And I have a handful, too, where 10 percent are like, “I’m a fan but I thought that special sucked. I didn’t want to be lectured to”—or whatever. Again, I get it. I wouldn’t want that kind of feeling. But I still think that, hopefully, you’re not ahead of the jokes, and I think that has value. There is a punchline and it’s pointed—and, again, whether you think it’s funny or not, that’s subjective. But at least there’s a point to it. I’m not Noam Chomsky, and I’m not wagging my finger and going, “You’re a fucking asshole”—unless you’re a Trump supporter. But again, I’ve gotten that that’s how I come off, unfortunately. And I’ve gotten “condescending” a million times, and that’s not good. And sometimes I can hear it, and I try to dial it back. Especially when I’m talking to people I respect or friends or family, or something like that. It’s not a good way to communicate.
AVC: A lot of those reactions might come from most of your audience already agreeing with you. They do want stricter gun control. They do think it’s insane that we still have so many mass shootings. They have empathy for immigrants. They don’t like Trump. Those people are like, “Yeah, we got it. We don’t need you tell us.”
DC: That’s an interesting take, but I would argue that point. Because you can go look at my routing schedule and I was in Lincoln, Nebraska, and Charlottesville, Virginia, and Chandler, Arizona. I was in Fargo, North Dakota, Sioux Falls—much smaller, conservative areas, lots of them. And those people were, I think, elated, so thankful that a guy did come to their town and say those things, because they’re in the minority. And I grew up in that minority. I grew up in the South, in Roswell, Georgia, and it was heavily white, Baptist, conservative. And the idea that somebody would come there and say those things that I said created an atmosphere where some people would walk out, and suddenly they weren’t in the minority. For an hour and a half, they were the majority. So I would argue that it does need to be said. It may be—and I don’t mean to sound condescending, but I think it’s an apt example—but maybe in Chicago you don’t need it? Maybe if you live in Brooklyn, you don’t need to hear that? But please, trust me, in most of America, they do need to hear it. And they’re quite thankful that somebody came out and did it. For an hour and a half in that theater, for once, they’re in the majority.
AVC: I think that’s a good point. Again, because everybody does live within this sort of social media version of their world where they can filter out all the people they don’t agree with, you can end up with this idea that we live in a monoculture, where the kinds of ideas you’re expressing aren’t especially revelatory. Or even necessary.
DC: Absolutely. Absolutely. And I just experienced it. I was there, live, and it’s an important point to bring up. It goes back to how we were talking about how there is no dialogue, and it doesn’t feel like there’s a connection, because it is all likeminded people. But yeah, I would very much argue that it does need to be said. And it’s all things that I’m passionate about. I am truly passionate and concerned about the lack of empathy that people show towards one another. I’m concerned about how and why there is no gun control. And I’m concerned about organized religion getting away with what it gets away with. Those are all passionate things.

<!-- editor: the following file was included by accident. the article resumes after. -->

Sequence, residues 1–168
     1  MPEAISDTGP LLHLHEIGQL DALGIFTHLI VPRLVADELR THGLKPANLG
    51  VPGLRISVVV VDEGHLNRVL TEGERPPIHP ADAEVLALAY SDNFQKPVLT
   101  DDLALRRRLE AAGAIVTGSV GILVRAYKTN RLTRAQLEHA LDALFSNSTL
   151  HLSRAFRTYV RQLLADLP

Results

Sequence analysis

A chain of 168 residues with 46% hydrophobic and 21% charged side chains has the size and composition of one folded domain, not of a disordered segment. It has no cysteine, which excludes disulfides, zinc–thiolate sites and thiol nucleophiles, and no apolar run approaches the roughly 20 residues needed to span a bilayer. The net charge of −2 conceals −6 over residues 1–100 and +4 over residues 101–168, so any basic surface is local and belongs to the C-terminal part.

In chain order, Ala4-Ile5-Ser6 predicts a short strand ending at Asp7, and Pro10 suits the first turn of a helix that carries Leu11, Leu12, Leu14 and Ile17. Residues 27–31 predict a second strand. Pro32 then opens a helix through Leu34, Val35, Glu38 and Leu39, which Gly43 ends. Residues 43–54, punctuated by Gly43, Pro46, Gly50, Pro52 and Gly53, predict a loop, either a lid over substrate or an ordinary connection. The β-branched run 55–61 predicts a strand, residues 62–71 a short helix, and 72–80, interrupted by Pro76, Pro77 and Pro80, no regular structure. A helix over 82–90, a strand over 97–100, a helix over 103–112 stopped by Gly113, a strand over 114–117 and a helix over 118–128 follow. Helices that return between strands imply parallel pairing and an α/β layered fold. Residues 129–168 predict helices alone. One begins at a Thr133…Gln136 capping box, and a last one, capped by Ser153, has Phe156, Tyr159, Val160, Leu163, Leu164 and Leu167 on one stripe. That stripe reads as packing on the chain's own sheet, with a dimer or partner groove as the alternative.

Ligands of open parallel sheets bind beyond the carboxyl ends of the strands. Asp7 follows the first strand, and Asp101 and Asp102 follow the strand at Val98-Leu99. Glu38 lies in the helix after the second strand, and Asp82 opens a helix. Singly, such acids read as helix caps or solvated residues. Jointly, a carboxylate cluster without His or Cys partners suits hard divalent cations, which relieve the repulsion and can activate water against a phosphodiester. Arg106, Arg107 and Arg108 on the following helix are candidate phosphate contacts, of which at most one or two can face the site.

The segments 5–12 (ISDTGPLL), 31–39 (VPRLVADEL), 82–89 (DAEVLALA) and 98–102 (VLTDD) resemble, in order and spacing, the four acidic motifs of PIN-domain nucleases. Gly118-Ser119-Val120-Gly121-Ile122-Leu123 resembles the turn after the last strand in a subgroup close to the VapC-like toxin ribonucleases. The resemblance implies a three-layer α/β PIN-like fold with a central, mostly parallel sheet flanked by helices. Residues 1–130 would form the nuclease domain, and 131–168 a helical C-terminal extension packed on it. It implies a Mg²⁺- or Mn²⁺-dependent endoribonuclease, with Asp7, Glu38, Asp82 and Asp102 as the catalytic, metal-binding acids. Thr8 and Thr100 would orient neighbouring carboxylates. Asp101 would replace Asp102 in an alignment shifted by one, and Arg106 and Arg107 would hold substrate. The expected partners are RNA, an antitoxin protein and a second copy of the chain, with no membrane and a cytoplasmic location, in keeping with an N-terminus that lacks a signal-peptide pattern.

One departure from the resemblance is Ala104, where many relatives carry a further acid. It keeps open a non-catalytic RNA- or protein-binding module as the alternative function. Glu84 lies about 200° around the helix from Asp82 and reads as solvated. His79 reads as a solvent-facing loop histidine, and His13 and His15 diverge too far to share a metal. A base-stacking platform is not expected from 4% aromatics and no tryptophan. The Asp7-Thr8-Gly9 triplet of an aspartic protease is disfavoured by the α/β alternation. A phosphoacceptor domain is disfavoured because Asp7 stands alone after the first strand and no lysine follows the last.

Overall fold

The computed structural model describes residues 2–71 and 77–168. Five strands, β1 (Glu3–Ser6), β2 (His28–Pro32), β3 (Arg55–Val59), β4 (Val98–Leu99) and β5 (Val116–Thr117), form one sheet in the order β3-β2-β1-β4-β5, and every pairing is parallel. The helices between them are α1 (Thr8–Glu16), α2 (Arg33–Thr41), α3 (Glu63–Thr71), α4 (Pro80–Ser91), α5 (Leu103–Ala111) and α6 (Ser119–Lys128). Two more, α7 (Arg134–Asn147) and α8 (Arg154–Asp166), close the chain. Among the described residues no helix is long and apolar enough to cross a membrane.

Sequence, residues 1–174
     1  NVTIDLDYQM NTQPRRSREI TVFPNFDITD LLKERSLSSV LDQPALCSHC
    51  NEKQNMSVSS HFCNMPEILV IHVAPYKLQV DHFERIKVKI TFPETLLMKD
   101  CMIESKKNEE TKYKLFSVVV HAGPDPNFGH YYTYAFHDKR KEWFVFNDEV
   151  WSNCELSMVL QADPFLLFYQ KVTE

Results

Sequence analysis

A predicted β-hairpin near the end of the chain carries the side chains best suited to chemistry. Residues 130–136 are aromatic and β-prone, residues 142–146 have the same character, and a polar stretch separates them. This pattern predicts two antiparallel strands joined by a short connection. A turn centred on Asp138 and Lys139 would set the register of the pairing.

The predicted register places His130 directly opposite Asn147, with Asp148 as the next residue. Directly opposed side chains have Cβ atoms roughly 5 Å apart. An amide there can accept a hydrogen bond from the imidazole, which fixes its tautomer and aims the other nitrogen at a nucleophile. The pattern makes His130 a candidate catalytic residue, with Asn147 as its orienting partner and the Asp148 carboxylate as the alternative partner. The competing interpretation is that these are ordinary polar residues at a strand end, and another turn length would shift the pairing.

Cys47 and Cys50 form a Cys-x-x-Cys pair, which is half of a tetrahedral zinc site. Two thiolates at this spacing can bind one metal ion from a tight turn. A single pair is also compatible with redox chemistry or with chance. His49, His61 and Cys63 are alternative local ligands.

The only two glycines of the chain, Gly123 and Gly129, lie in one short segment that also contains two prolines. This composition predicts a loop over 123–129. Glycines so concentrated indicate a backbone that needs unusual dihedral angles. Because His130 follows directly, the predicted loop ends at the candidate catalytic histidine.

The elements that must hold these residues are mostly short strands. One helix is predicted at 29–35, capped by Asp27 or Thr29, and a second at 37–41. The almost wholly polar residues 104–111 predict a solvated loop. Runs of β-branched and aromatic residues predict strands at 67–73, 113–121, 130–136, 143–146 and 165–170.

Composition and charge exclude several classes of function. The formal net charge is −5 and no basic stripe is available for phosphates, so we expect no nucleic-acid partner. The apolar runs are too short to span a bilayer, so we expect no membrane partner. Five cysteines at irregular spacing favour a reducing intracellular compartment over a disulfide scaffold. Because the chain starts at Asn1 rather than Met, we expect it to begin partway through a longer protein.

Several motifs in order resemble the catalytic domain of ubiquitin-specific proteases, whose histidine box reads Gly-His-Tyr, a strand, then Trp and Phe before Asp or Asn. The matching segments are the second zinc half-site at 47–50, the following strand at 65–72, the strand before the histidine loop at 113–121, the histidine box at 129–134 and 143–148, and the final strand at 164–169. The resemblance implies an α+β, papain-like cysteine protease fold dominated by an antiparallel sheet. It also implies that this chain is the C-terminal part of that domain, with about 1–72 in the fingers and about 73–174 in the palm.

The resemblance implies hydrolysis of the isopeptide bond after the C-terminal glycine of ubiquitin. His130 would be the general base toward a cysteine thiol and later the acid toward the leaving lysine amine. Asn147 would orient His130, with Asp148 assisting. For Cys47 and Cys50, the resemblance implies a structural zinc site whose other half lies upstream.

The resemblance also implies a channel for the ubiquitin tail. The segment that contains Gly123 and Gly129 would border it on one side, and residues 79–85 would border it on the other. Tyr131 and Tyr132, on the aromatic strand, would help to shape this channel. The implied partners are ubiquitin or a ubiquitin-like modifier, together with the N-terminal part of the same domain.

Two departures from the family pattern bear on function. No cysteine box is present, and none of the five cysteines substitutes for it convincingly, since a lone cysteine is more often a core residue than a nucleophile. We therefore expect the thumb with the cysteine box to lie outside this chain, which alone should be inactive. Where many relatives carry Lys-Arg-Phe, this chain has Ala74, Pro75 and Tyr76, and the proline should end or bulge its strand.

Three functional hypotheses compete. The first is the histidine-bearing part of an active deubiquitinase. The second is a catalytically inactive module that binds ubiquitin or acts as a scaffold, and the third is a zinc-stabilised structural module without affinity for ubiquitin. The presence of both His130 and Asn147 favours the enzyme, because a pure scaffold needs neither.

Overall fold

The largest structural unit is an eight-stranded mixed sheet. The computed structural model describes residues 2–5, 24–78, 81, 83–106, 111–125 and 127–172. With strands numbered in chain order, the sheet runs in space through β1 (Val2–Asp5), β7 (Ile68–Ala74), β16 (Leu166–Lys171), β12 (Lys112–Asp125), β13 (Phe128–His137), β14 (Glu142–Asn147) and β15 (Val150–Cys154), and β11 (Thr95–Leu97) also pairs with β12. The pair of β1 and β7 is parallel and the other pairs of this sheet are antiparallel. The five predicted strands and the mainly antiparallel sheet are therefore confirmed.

For a good example, I don’t give two shits about a female Ghostbusters. Don’t give a fuck. It’s upsetting that people do. Some of those people who don’t want to be lectured about gun control, or whatever… When people give me a negative review, I’m like, “I don’t know what you like, so if you are way into fucking Wolverine, then your opinion doesn’t mean quite nearly as much to me as someone I know and respect who is perhaps a peer, who gives me a negative review or a constructive criticism.” That I take to heart more than a stranger. If you think, like, Big Bang Theory is the funniest show on TV, why am I going to give a shit about what you thought of my special? Yeah, sorry.
And believe me, when this thing comes up and you go to the comments section of The A.V. Club, it’s just going to be a ton of negative shit. There always is. And it’s one more shitty thing to write about somebody, in between getting really, really, really upset at female Ghostbusters and Gamergate, and the things that really matter.
AVC: Speaking of that, maybe you’ll want to get out ahead of this: I have seen, in the reviews and comments, people who think you stole your joke about airport luggage stores from Dave Attell. Do you want to address that?